On the night Rowland Bingham dined with a quiet little Scotch woman whose son had gone off to the mission field, he heard the voice of the Lord saying, “Whom shall I send, and who will go for us?” That night Bingham replied, “Here am I, send me” and he knew God was calling him to Sudan.
In 1893 Sudan stretched across twenty-five hundred miles in Africa and was occupied by 60-90 million people without one missionary working among them. Missionaries had made it to the coast of Africa, but not the interior.
When Rowland Bingham heard God’s call to go he announced to his farming community that in two weeks he was going to sail to London and then on to Africa. This was huge faith for a twenty-one year-old who didn’t even have ten dollars to his name.
But God began to provide. At first it was one farmer who gave five dollars and then another. After a week Bingham had sixty dollars, not enough to get to London. Finally, a man came along who said, “I will give you all I have in the bank, and then I shall borrow more, if need be.”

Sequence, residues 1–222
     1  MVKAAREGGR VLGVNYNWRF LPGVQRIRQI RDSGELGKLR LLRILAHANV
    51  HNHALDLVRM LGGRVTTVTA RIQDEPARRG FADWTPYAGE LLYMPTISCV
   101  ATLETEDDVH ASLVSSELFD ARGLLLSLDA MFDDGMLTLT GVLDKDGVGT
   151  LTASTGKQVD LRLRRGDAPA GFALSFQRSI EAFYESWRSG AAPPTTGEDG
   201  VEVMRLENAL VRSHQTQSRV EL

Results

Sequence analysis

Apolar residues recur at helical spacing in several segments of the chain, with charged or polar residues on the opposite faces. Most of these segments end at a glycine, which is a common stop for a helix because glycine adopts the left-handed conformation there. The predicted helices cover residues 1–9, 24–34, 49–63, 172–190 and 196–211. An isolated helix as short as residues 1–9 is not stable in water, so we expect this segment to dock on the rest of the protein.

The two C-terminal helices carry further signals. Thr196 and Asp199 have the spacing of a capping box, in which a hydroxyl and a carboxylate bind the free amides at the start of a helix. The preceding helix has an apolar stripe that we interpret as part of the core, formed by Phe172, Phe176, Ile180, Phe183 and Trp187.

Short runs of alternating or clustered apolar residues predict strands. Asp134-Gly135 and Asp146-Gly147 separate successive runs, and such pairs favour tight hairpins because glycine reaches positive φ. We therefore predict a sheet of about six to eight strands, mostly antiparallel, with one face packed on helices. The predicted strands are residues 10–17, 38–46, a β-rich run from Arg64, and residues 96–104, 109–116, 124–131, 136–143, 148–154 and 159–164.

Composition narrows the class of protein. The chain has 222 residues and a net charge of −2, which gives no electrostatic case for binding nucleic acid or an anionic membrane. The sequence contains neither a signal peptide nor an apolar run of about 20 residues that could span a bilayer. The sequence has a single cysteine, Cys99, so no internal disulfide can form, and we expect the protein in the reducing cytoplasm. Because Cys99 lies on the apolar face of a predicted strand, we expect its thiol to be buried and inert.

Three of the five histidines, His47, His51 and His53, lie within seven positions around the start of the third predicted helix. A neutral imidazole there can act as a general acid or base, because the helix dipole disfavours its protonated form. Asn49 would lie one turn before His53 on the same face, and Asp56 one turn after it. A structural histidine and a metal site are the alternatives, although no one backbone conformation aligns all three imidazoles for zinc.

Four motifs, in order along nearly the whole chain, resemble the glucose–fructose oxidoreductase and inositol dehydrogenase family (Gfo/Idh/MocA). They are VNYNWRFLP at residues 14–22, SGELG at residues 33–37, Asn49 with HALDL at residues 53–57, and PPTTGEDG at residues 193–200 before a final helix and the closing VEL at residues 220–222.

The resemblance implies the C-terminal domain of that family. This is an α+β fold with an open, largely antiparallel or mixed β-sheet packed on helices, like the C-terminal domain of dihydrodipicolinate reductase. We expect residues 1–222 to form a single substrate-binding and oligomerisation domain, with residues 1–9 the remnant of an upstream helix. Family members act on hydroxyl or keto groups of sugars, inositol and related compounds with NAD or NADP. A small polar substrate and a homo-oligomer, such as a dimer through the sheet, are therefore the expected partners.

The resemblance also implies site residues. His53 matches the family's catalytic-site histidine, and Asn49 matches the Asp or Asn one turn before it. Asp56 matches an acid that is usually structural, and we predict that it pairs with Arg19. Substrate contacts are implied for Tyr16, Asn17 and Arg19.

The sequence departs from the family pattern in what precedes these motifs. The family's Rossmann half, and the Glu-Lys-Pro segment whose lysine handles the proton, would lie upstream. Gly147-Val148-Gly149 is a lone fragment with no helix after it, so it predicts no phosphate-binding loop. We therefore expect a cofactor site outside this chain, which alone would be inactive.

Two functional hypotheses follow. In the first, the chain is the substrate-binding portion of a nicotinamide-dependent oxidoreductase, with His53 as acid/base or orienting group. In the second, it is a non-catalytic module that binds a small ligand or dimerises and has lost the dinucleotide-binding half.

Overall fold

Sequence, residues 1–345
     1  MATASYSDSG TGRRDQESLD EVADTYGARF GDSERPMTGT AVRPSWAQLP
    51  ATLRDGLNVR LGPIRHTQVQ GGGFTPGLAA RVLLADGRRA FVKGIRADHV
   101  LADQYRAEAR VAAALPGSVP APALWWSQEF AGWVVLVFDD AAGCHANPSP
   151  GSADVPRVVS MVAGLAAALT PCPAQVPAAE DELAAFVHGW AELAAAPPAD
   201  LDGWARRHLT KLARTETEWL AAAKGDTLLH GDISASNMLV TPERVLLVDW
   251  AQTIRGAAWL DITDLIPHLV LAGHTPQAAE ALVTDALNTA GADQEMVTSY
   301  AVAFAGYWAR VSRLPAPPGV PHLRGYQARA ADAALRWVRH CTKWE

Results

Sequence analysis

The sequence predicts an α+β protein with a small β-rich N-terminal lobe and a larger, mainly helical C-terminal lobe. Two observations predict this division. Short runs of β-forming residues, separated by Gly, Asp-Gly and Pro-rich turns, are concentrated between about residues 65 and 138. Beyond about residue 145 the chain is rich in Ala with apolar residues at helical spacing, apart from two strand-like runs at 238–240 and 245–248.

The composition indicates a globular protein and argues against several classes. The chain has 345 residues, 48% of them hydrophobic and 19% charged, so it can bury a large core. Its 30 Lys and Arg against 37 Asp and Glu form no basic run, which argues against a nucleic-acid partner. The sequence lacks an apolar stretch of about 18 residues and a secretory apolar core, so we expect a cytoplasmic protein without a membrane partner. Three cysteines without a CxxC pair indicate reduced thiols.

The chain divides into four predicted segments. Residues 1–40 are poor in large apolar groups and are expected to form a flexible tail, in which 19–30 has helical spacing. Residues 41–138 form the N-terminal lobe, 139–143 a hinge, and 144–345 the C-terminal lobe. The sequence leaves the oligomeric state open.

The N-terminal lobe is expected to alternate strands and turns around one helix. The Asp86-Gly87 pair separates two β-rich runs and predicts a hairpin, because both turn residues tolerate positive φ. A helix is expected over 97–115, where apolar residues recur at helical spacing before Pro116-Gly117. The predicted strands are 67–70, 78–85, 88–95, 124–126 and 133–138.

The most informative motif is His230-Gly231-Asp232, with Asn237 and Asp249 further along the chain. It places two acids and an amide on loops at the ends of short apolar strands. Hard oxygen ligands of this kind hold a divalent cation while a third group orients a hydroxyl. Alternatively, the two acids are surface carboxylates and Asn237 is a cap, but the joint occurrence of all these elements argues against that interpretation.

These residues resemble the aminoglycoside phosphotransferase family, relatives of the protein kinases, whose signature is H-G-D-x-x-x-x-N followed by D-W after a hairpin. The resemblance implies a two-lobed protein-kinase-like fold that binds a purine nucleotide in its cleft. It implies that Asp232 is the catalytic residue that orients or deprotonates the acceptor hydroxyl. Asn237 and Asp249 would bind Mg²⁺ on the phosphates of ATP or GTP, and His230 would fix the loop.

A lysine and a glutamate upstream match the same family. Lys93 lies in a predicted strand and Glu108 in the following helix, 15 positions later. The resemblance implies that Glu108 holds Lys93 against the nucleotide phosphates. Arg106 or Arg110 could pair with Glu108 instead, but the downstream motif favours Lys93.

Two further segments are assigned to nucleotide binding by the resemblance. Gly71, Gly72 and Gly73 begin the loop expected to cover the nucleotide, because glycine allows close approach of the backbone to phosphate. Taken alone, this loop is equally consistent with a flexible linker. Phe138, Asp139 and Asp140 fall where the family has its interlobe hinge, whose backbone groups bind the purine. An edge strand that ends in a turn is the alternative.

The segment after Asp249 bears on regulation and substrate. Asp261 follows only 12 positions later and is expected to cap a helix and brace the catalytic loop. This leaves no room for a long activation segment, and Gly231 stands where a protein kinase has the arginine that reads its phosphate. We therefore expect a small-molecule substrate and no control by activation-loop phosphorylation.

This man’s generosity was enough to get Bingham and his three partners to Lagos, West Africa, but not enough to get them into the interior to reach the people of Sudan. Besides, when they arrived in Africa all the other missionaries urged them not to go to the interior of Africa. They said it was an impossible mission. They said it couldn’t be done.
Bingham and his two partners decided to pray for a whole week. They had no missions organization behind them, no team of supporters back home. And if they trekked into Africa's interior, receiving additional supplies would be extremely difficult.
So these men prayed and began selling their possessions that were considered non-essentials, like their watches. Each man strongly believed, “I will open up Central Africa to the Gospel, or I will die in the attempt.”
In God’s providence, during that week of prayer a letter arrived in the mail from a simple housekeeper named Mary Jones. Mary had heard of this mission to Sudan and soon after received an inheritance of $300, the equivalent of at least $12,000 today. Mary felt led by the Lord to give all $300 to Sudan Interior Mission and to rally a few others to give an additional $200 as well.
Years later Rowland Bingham would remember Mary's sacrificial gift and write, “The gift of this servant girl came just at the moment of our greatest need and made possible that first journey up into the Sudan. Out of that gift of fifty years ago, in a very real sense, has come the great harvest of hundreds of converts every year, which we are seeing today.”
Today SIM has 4,000 missionaries working in 70 nations. Mary Jones could never have imagined the flame that would be lit through her early stage generosity.